Oncologist Albert Braverman, MD, wrote in 1991 that "no disseminated neoplasm (cancer) incurable in 1975 is curable today...Many medical oncologists recommend chemotherapy for virtually any tumor, with a hopefulness undiscouraged by almost invariable failure."
Why the growth in chemotherapy in the face of such failure?
A look at the financial interrelationships between a large cancer
center such as Memorial Sloan-Kettering Cancer Center (MSKCC)
and the companies that make billions selling chemotherapy drugs
is revealing. James Robinson III, Chairman of the MSKCC Board
of Overseers and Managers, is a director of Bristol-Myers Squibb,
the world's largest producer of chemotherapy drugs. Richard Gelb,
Vice-Chairman of the MSKCC board is Chairman of the Board at Bristol-Myers.
Richard Furlaud, another MSKCC board member, recently retired
as Bristol Myers' president. Paul Marks, MD, MSKCC's President
and CEO, is a director of
Thursday, 25 May 2000
By Thomas Walkom
The article appeared last week as a one-paragraph brief in a Toronto newspaper. It was, in a pure journalistic sense, old news. In fact, it was almost a verbatim reprint from a February edition of the prestigious New Scientist magazine.
Still, in the ongoing and increasingly bitter war over genetically modified foods, it was an intriguing bit of old news. An Alberta farmer, New Scientist reported, had made history. His genetically-modified canola crop had created mutant weeds that are now resistant to - not one, not two but three - common herbicides. The unnamed Alberta farmer hadn't set out to do this. He planted his genetically-modified canola in three separate fields and, as directed, sprayed them with broad-application herbicides. One of the main selling points about genetically-altered crops, it should be remembered, is that they are supposed to require fewer toxic herbicides. Genetically-engineered canola, for instance, includes an alien gene that makes the crop resistant to specific common broad-application garden herbicides, such as Monsanto Co.'s Roundup. If the farmer sprays his crop with Roundup, the theory goes, everything except the canola will be killed.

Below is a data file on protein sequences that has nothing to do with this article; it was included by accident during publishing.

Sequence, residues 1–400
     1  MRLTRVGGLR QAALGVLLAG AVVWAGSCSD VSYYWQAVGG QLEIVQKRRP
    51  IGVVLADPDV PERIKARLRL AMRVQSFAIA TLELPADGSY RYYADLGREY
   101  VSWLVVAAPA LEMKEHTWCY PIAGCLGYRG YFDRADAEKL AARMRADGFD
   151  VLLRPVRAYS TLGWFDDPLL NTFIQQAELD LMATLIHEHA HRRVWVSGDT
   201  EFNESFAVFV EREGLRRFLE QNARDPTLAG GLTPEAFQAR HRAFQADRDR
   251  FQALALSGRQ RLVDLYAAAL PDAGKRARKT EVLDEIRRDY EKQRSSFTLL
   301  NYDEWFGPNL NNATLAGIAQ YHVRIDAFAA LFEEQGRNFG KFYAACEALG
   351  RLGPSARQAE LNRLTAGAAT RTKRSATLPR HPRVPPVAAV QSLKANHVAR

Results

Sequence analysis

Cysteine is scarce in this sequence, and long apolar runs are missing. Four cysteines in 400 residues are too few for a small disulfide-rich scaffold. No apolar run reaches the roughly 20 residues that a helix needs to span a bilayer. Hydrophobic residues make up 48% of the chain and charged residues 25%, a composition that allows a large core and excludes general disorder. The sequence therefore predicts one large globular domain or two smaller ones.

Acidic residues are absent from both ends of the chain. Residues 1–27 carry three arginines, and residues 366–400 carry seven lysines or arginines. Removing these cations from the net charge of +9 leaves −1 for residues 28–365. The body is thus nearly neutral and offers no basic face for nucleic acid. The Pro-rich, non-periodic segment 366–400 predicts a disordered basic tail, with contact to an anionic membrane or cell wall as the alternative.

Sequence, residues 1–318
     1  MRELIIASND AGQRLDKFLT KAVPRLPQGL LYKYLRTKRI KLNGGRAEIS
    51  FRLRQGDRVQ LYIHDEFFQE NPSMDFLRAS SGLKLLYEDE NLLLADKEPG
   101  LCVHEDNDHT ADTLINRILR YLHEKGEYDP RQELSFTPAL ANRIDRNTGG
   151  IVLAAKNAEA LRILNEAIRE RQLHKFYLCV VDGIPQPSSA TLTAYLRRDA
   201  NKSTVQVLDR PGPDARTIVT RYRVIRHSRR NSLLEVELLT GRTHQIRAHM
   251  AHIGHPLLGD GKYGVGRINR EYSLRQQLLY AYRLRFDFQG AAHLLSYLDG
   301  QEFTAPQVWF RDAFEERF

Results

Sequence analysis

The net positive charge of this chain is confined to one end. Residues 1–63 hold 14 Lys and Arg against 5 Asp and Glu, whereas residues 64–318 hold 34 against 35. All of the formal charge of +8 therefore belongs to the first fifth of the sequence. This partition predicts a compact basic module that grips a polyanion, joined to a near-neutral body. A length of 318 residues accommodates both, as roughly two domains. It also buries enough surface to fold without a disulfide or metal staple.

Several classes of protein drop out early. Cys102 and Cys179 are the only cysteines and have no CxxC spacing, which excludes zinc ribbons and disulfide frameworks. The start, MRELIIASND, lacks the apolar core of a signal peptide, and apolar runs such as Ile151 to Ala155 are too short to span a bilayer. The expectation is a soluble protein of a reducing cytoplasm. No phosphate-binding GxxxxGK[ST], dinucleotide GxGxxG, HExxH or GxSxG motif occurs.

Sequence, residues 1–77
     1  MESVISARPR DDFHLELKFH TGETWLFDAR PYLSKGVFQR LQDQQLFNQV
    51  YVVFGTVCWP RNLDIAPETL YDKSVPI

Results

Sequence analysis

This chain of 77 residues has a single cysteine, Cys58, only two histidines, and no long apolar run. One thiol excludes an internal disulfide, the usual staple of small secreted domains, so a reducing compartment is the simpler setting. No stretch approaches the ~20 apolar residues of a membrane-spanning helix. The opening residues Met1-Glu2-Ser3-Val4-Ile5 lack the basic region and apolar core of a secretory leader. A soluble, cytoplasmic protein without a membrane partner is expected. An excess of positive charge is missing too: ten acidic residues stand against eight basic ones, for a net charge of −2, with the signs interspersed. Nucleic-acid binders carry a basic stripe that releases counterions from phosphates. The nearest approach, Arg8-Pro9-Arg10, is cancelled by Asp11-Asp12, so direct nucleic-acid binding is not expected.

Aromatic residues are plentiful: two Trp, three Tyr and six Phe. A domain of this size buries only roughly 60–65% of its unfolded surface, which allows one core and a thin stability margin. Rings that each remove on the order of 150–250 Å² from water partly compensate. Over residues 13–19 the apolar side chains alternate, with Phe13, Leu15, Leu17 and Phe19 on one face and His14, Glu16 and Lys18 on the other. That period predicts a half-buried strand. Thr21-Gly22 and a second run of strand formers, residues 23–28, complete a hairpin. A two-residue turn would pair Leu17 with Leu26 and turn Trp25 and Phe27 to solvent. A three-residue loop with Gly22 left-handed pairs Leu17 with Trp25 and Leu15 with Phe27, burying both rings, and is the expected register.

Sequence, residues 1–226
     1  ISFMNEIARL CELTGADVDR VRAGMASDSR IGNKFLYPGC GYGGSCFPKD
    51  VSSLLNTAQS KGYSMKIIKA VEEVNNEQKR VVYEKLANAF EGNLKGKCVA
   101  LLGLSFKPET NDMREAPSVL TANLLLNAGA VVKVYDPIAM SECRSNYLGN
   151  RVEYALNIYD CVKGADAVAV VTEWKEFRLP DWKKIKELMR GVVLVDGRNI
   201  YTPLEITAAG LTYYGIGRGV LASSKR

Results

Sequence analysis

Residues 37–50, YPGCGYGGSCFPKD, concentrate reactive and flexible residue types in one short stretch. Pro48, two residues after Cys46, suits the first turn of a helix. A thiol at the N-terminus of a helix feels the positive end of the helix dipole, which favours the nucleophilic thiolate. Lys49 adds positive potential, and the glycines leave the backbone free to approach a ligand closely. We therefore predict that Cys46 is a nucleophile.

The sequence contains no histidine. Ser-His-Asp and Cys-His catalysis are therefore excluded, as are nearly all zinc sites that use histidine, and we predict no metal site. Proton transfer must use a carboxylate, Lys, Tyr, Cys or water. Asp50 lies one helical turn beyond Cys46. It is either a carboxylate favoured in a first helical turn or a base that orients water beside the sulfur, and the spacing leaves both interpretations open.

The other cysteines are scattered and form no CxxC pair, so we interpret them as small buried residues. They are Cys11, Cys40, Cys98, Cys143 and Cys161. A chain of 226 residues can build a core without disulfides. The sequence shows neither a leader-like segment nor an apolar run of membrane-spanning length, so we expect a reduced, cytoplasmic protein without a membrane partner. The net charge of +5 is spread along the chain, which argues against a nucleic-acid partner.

Otherwise, the farmer might have to use a cocktail of more toxic, weed-specific herbicides, including the very potent 2,4-D. This, backers say, is why genetically-modified crops are such a boon to the environment. Surprise, surprise. As New Scientist reports, the Alberta farmer began growing genetically-modified canola in 1997. He planted one field with seed resistant to Monsanto's Roundup. Another was immune to Cyanamid's Pursuit herbicide, while the third resisted Aventis' Liberty herbicide. But the alien genes in his canola refused to stay still. They migrated to the very weeds they were designed to control. By 1998, the farmer found he had weeds resistant to two of the three garden-variety herbicides he was using. By 1999, his weeds were resistant to all three. It was, New Scientist reported, the first officially confirmed case of its kind.
So now the Alberta farmer has to use 2,4-D to control the new superweeds created by his genetically modified crops - the same crops that were supposed to require no 2,4-D. What, you might ask, is the point? An excellent question, one which no one seems able to answer.
Back in March, The Star's Stuart Laidlaw reported on an Ontario government study being flogged by the province's biotechnology lobby. The study showed that insecticide use had dropped off in Ontario over the past 15 years. The biotech lobby hoped to tie this development to the use of genetically-modified organisms or GMOs. But, as Laidlaw reported, the study demonstrated the opposite. The drop-off in toxic insecticide use predated the introduction of genetically-engineered seed.
Rather, it resulted from better use of routine techniques, such as crop rotation. By contrast, herbicide use has increased by more than 50 per cent, caused largely by the introduction of - you guessed it - genetically-engineered crops. Keep all of this in mind this week as the GMO lobby begins to air commercials aimed at winning the public over to its cause.
The GMO lobby is desperate. Consumer resistance has spread to North America. One can now find some items in Canadian supermarkets labelled GM-free and more are sure to follow as the big food chains move belatedly to meet public opinion. Biotech stock prices have suffered. Monsanto, the pioneer of genetic-engineering, is hiving off its troubled agricultural division and changing its name, in order to avoid the negative publicity associated with GMO products.